This technique is often used to investigate and detect flaws in electrically conductive materials. The inspected piece is heated by induction and, in the presence of a flaw, the anomaly in the induced current distribution creates a concentration of power density around the flaw, which translates to a local temperature contrast to the component’s surface [GRI 05, GUP 05].
4.2.1. Installation schematic
Figure 4.1 shows the principle schematic of a thermo-inductive installation. The component to inspect is heated by induction. The temperature distribution’s inhomogeneity propagates to the material’s surface and can be detected by an infrared camera. A flaw will, therefore, be revealed by combining electromagnetic and thermal phenomena in a complementary fashion [LOU 07, RAM 09].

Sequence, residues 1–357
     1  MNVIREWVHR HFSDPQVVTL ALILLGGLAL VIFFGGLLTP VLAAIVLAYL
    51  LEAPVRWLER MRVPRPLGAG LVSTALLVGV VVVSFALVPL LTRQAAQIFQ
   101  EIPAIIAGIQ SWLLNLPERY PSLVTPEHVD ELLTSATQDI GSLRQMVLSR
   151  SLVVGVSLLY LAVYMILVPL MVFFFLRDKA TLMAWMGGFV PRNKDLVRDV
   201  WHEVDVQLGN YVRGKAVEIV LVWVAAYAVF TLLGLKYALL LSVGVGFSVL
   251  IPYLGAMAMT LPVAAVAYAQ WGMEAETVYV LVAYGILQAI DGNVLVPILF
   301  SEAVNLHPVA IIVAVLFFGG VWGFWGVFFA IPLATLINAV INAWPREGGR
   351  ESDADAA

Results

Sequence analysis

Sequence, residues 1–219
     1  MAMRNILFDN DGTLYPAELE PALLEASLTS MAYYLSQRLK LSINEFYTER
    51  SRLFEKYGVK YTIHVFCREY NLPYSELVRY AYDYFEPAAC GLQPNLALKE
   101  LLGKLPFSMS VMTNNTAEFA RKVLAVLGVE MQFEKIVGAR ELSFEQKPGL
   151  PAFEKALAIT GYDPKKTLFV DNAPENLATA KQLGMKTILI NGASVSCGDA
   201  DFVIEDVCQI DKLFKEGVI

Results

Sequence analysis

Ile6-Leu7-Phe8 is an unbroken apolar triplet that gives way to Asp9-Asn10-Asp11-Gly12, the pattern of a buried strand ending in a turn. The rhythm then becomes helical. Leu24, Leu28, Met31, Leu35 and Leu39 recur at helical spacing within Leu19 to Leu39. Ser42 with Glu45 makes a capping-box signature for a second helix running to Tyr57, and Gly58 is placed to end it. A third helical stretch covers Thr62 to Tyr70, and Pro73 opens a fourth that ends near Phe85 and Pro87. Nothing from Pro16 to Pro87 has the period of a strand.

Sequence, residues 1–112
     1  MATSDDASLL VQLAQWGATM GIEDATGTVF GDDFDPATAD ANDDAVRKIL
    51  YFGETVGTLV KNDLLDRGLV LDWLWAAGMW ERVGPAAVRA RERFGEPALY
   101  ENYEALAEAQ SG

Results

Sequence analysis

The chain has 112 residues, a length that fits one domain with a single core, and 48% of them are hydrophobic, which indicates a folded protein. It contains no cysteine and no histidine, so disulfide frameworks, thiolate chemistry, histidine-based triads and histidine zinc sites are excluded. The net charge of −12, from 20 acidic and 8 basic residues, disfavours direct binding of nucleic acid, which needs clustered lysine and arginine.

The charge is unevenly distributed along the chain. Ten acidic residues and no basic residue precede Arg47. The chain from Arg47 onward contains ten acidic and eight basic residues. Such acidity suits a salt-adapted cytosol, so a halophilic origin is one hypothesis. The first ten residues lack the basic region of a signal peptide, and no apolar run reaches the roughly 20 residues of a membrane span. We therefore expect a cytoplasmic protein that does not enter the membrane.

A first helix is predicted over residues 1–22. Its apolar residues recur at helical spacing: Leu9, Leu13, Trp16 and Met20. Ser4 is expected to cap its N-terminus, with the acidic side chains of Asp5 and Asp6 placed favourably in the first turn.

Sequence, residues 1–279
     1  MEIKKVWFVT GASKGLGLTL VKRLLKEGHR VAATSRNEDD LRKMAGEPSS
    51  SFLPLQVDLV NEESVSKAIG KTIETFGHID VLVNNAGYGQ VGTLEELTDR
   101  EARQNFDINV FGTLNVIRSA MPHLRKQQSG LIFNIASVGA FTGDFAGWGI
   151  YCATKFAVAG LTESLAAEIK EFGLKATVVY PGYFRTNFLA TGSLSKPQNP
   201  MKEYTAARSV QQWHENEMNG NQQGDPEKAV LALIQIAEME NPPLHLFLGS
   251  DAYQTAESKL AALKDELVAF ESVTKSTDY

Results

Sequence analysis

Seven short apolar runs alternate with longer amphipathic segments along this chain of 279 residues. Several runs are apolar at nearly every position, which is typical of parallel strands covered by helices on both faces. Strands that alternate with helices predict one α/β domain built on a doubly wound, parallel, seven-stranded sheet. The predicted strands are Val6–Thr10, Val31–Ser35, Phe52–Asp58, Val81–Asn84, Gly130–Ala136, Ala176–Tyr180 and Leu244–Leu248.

The advantage of this method is to increase the probability of surface flaw detection and to improve the data’s interpretation by correlating the data with two NDT methods: Eddy currents and infrared thermography [RAM 09]. It has the advantage of creating an additional perturbation, which is due to the concentration of induced currents around the flaw as shown in Figure 4.2 where a conducting plate was inspected. The flaw’s presence perturbs the lines of induced current and creates additional overheating, which will add to the ...